Years ago I attended a big, splashy wedding that was rumored to set the bride’s father back tens of thousands of dollars. Five years down the road the once inseparable, smiling couple sat twenty feet apart, stone-faced, in divorce court.
The size and cost of a wedding, of course, don’t determine the happiness and longevity of a marriage. The music may be celestial. The wine flowing like rivers. The emotional high almost narcotic
But it won’t be the grandiose wedding day that counts; it’ll be the little, humdrum, unawesome days trailing behind it that matter.
Yesterday, churches celebrated the big, splashy day of Pentecost. As well they should. There’s plenty to celebrate: the pouring out of the Holy Spirit, the multilingual preaching of the Gospel, the baptism of 3000 people in Jerusalem.
If that’s not a reason to party, I don’t know what is.
If a bride strives to look perfect on her wedding day, God looked like the perfection of divinity on Pentecost. I mean, he pulled out all the stops. Escorted in by a rushing, mighty wind. Clad in flaming tongues dancing atop the disciples’ heads. The Spirit jumping into the driver’s seat of the preachers’ mouths.
God really outdid himself. He looked big, mighty, impressive, glorious, awesome. He acted, well, like we imagine God should act.
And then the next day rolled around. And the next. And the ones following it. The rushing, mighty wind of Pentecost quieted to hardly a breeze. Tongues of fire became charcoals of remembrance. And, ugly things started happening. Two lying churchgoers were struck dead. Arguments erupted over food distribution, church leadership, and just how Jewish the Gentile converts needed to become.
The afterglow of Pentecost faded and normality set it. Little, humdrum, unawesome days followed. In fact, judging by outward appearance, the Lord of the church no longer seemed big and mighty but small and weak.
In other words, God acted normal again. Normal by biblical standards anyway. Pentecost was glorious, but it was the exception.
The rule of divine behavior is this: rather than a mighty fortress, an impregnable castle, our God usually seems more like an unmighty shanty.
A castle God is easy to believe in, right? Sitting high and mighty atop the hill. Every weekend there’s a party inside, complete with fireworks, feasting, and emotional highs. Everything about the castle God seems powerful.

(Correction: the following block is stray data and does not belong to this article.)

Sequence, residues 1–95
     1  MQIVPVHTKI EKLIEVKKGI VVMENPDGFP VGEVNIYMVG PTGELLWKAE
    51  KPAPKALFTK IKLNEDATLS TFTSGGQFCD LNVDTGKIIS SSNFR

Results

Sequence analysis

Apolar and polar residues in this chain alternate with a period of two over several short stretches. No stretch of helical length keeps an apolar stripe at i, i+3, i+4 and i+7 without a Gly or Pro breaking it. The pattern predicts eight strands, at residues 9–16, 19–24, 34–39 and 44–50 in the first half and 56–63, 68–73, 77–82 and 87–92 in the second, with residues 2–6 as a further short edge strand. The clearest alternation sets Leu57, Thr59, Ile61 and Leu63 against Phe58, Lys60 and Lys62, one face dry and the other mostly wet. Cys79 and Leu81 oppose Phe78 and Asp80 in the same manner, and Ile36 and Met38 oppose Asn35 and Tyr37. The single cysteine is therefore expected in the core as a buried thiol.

The shanty Christ is another story. He squats, low and weak, across the tracks. The people filing in and out of his front door aren’t exactly the cream of the crop. They have “issues.” Issues that range from shaky marriages to prostrate cancer, from narcotic addiction to deep shame from years of emotional abuse. If they lift their shirt a little, you’ll see a thorn poking out of their sides. A look at their bios won’t necessarily reveal success after success, but often a string of failures and botched attempts to get at least a C+ in Life 101.
They’re just a ragtag group of ordinary people with average problems encountering a shanty Christ who welcomes them with hands that bear the stigmata of Roman execution.
This shanty Christ is where the post-Pentecost church meets. But appearances are deceptive. Because this place, too, is a kind of fortress, a castle, but the variety that draws no crowds of tourists. It draws only the broken, the downtrodden, the corrupt, those with footprints on their backs, those whom the Spirit of Pentecost has called to the God who hides in the smallness and weakness of the cross.
Yet here, in the shanty Christ, is where the God of heaven has sunk roots among us. In simplicity. In ordinariness. In the yawn of normality. But here, in him, and nowhere else do we find the riches of the kingdom over which he reigns.
There may be no rushing, mighty wind, but in the breath of his ministers is the word of divine love that heals hearts and mends lives. There may be no tongues of fire, but on the tongues of the hungry and thirsty God places bread and wine full of divine body and blood.
To small and weak sinners God comes in small and weak ways to give us peace and hope as we stumble our way through life. He doesn’t solve all our problems. He doesn’t whip out his tweezers when we show him our thorns.
But he does bring us to the realization that within ourselves we have nothing, but in him we have everything. He gives us the love and acceptance that we all desperately desire, but fail to obtain anywhere else but in him.
A mighty fortress is our God, to be sure, but he’s only found in the shanty Christ. In that one man, born in weakness, crucified in shame, the Spirit reveals the one God who is our one hope, one peace, one healing, all the days of our lives.